This weekend was absolutely phenomenal in Vermont. Back when I lived in a dry part of the world, a day without clouds was just a day I had to carry extra water and apply more sunscreen under the glaring, hot, hazy sky. In this part of the world, cloud free days are truly rare, and sometimes accompany Arctic blasts of subzero air. Instead, Saturday was a cloudless warm day, and Sunday’s scattered clouds did little to block the spring sun. For those of you who are thinking it isn’t spring yet, “Meteorological Spring” starts March 1st.. and Vermont has so far to go between a -20 night in midwintter and an 85 degree day in July, that spring, in a sense, is long.
Above: View from near the peak of Elmore Mountain… expanses of slushy snow, not a cloud to be seen.
On Sunday we walked along a line of sugar maple trees lining a snowmobile path.
Maple sap runs best when the days are warm and the nights are cold, and this weekend was a perfect match. The high on Saturday was around 49, the low that night around 20. Now it was nearing 50. The wet snow crunched underfoot, but when we paulsed to listen, the song of birds and the pecking of a woodpecker or sapsucker was accompanied by a *plunking* sound. It was the sound of drops of sap plopping into buckets of varying sap depth. The effect was musical and a unique early sound I can’t recall ever hearing before. It takes about 40 parts sap to make one part syrup, so the symphony we heard was probably only sufficient to produce one delicious drop of syrup. Still, with hundreds of trees and quickly lengthening days, quite a bit of sap was due to be produced from this wide row of trees between farm fields.
Larger operations eschew the buckets for a system of vacuum-fed tubes. Miniature watersheds of converging tubes lead downhill to a vat making the task of collecting all that sap that much easier.
Maple syrup is a rare example of a forest permaculture crop being used by the general public. It is remarkably sustainable. Unless overtapped, the maples are unharmed by the process, which only takes place for a few weeks. Perhaps the loss of sap would put the trees at a disadvantage if competing with beech and birch trees for resources, but most ‘sugarbushes’ are managed to maintain fairly widely spaced maple trees with few other trees present. The trees that are removed, as well as any maple tree that succumbs to disease or old age, can be burned to boil the sap. When the sugaring season is over, aside from road and tree maintenance, the sugarbushes are left alone, so if the landowner does not post no trespassing signs the land is also available for hiking, skiing, deer hunting, and other activities. Compare this to a field of genetically engineered corn clones producing high fructose corn syrup. Maple can’t provide ALL the sugar needs for the country (too bad!) and moving into intact old forests and turning them into sugarbushes would cause harmful ecological effects, but Vermont is full of young forests regrowing on old farm fields and being choked by invasive species. Many of these could be converted to maple syrup production without much loss of habitat or other ecosystem values.
I’m not sure what this sign was cautioning against.
I think the potential for sugarbush use goes beyond delicious syrup. Many other wild edibles such as wild leeks, edible mushrooms, and in some cases fiddleheads thrive under sugar maple trees. I haven’t seen these encouraged in sugarbushes, but there’s no reason they couldn’t be as they aren’t going to compete significantly with the maples for light or water. A well-managed sugarbush has the potential to produce syrup in the early spring, edible spring ephemerals in the late spring, berries in the summer, and venison in the fall, all while retaining full tree cover.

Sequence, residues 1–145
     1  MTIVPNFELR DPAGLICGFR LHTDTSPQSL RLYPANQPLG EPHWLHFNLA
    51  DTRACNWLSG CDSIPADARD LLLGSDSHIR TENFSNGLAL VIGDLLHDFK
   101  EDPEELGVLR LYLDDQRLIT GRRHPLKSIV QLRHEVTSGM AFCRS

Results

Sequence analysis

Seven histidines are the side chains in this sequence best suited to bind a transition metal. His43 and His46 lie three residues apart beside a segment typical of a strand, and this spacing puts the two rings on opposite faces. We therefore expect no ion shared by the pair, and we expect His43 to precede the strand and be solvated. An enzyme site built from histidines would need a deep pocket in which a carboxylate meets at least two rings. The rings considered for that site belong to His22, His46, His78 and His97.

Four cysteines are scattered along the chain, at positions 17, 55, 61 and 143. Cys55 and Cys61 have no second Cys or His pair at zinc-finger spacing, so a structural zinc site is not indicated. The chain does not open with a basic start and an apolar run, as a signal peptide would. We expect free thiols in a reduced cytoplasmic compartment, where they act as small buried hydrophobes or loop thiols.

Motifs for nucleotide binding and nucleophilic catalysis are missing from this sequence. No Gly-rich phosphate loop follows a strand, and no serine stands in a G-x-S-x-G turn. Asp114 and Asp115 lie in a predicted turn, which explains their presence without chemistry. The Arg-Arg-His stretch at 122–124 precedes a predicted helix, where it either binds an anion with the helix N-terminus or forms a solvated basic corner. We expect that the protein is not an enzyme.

If by some chance you haven’t tried real maple syrup, do yourself a favor and try some. Get the real stuff – it is worth the money. Anything that contains corn syrup or even honey is not the same. And… I don’t want to give away any local secrets, but just so you know, the ‘grades’ of maple syrup only refer to the color of the syrup, not the quality. It’s worth giving the less conventional varieties a try, though they can be hard to come by outside New England and southeastern Canada (despite my pride in local Vermont products I will admit the Canadian syrup is delicious too). It is also possible to tap some species of birch, as well as red maple, but they have lower sugar content and require more boiling. I’ve also heard rumors of a hickory syrup, but have heard that the process is different from producing maple sap and I’ve never tried it. Don’t try tapping a conifer or an oak tree.
Above: good food and shelter for wildlife, good timber, beautiful and ecologically important white pine tree… but disgusting sap.
Another North Country surprise: during the cold early spring nights, the sap flow slows, but on small broken branches of maple trees small icicles can form overnight. These taste sweeter than the straight sap (which isn’t very sweet until boiled) and can be enjoyed like a mildly-sweetened early spring popsickle. But, make sure you get your tree ID right. If you accidentally taste a Norway maple or box elder icicle you may not be pleased. (though I do not know of any tree species in New England that could produce a poison sapsickle).
Long ago, the Native Americans in California had systems somewhat similar to the sugarbush set up – oak savannahs with acorns in the fall, many edible wildflower seeds and bulbs in the spring, berries and fruits in the summer, and abundant wildlife to hunt all year long, not to mention many materials used for basket making. Sadly, while the Native American cultures do continue to survive, their land management practices have for the most part ceased. I hope in the near future someone tries a similar system in California comparable to our working forests here.